Shaun Livingston was a productive member of the Nets last season, and though the team wanted to re-sign him once he hit free agency this summer, the reality was that Livingston would receive more lucrative offers to play somewhere else.
The Warriors came with the strongest offer, and signed Livingston to a three-year deal worth just over $16 million. But he’ll be out of action for the next couple of months, after it was discovered during his physical that he would require surgery.
From The Associated Press:
Golden State Warriors guard Shaun Livingston is expected to be out six to eight weeks after having arthroscopic surgery on the big toe of his right foot. …
The team says he was diagnosed with a sprained right big toe at the time and his foot was placed in a cast. The Warriors say Livingston was re-evaluated last week and it was determined that surgery was needed.
This seems minor, and if the timetable is to be believed, Livingston would be ready in time for training camp, which opens at the beginning of September. It does put him behind in terms of his conditioning, but the long-term benefits he’ll be able to provide next season should be well worth the wait.
Livingston has struggled with injuries throughout his career, and has bounced around a bit because of it. But he had one of the best seasons of his career with Brooklyn, averaging 8.3 points, 3.2 rebounds and 3.2 assists in 26 minutes per contest, while starting in 54 of his 76 regular season appearances.
The Rockets bench made a big production when an intentionally fouled Andre Roberson kept missing free throws in the Thunder’s Game 4 loss to the Rockets yesterday.
Russell Westbrook stuck up for his teammate.
Royce Young of ESPN:
I didn’t see it. I didn’t see it at all. Probably the guys that don’t play, probably over there the ones laughing, if I had to guess.
Good guess. It appears Montrezl Harrell and Bobby Brown – whose only playing time this series came late in Houston’s blowout Game 1 win – led the jeers.
But the most important thing for the Thunder is Roberson making his free throws. They need him on the court to defend James Harden, which exposes him to hacking. If Westbrook deflecting attention onto the Rockets’ benchwarmers helps Roberson at the line, great. But if not, the Rockets will keep having reasons to laugh.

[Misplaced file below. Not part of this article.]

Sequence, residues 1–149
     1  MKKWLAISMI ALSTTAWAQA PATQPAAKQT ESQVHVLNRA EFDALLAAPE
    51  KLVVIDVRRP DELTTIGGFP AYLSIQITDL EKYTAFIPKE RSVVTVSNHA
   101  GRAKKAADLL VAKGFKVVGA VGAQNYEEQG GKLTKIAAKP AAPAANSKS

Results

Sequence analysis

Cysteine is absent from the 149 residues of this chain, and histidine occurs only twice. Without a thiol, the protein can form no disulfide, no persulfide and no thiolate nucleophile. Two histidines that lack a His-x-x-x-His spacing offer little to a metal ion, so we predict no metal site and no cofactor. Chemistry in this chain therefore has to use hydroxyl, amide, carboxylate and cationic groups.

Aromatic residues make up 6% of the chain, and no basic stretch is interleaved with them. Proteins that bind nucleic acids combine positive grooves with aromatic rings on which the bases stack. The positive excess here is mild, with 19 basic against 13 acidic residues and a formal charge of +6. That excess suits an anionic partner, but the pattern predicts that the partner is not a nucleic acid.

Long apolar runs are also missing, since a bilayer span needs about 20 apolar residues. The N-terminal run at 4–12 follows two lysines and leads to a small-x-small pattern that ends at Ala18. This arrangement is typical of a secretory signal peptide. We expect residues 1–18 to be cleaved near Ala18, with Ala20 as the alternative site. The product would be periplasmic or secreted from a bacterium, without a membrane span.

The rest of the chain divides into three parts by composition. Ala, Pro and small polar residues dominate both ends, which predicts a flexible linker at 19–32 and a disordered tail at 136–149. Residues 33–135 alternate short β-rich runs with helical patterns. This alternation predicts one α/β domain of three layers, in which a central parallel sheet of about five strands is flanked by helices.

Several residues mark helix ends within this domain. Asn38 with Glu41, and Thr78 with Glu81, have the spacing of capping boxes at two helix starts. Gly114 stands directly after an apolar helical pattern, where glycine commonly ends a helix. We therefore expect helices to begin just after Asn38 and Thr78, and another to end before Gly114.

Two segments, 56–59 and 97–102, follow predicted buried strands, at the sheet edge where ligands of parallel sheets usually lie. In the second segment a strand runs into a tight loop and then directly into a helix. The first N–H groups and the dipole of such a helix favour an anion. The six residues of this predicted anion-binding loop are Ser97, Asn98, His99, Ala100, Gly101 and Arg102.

Paul George-to-the-Lakers rumors have swirled for a while.
New Lakers president Magic Johnson will only fuel them.
Asked how he’d interact with the Pacers star to avoid tampering if they ran into each other, Johnson said on Jimmy Kimmel Live:
We’re going to say hi, because we know each other. You just can’t say, “Hey, I want you to come to the Lakers,” even though I’m going to be wink-winking like [blinks repeatedly]. You know what that means, right?
In explaining how he’d avoid tampering, Johnson probably tampered. Accidental tampering appears to be his specialty.
The Collective Bargaining Agreement says team employees can’t permissibly “induce, persuade, or attempt to entice, induce or persuade, any Player who is under contract to, or whose exclusive negotiating rights are held by, any other Member of the Association to enter into negotiations for or relating to his services or negotiate or contract for such services.” But the league arbitrarily enforces tampering, so who knows whether he’ll be punished?
Johnson almost certainly could have gotten away with the hypothetical conversation he laid out. But going on television and describing it — even as fantasy, even not directly to George — could constitute tampering in itself,
If Johnson helps attract George to Los Angeles, it’d well be worth it. At least he’s trying something.
There have been bigger injuries in the Clippers-Jazz first-round series: Blake Griffin‘s toe, Rudy Gobert‘s knee and Gordon Hayward‘s stomach.
But Clippers guard Austin Rivers has yet to play due to a strained hamstring.
It sounds as if that will change tomorrow.
Adrian Wojnarowski of Yahoo Sports:
This is neither as big a deal as the Clippers will make it out to be nor as meaningless as Rivers’ many detractors will claim.
The 6-foot-4 Rivers will provide an important defensive upgrade on the perimeter. The Clippers haven’t successfully hidden Jamal Crawford and Raymond Felton, allowing Utah too many quality looks. Here how the Jazz have shot when defended by each, per NBA.com:
- Crawford: 18-of-36 (50%), including 7-of-17 on 3-pointers (41%)
- Felton: 13-of-24 (54%), including 5-of-8 on 3-pointers (63%)
Rivers needn’t be great to help behind Chris Paul and J.J. Redick.
Russell Westbrook might not want to talk about his supporting cast distinctively, but it’s a real issue for the Thunder, who trail the Rockets 3-1 in their first-round series.
Even Andre Roberson, who has impressively defended James Harden, brings a glaring weakness: free throws. Roberson is 2-for-17 from the line in the playoffs, including 2-for-12 in Game 4 yesterday. Houston even repeatedly intentionally fouled him late.
It was agonizing for all but the most partisan Rockets supporters – though even Houston’s bench, while at least implicitly mocking Roberson, appeared put off that he missed yet again.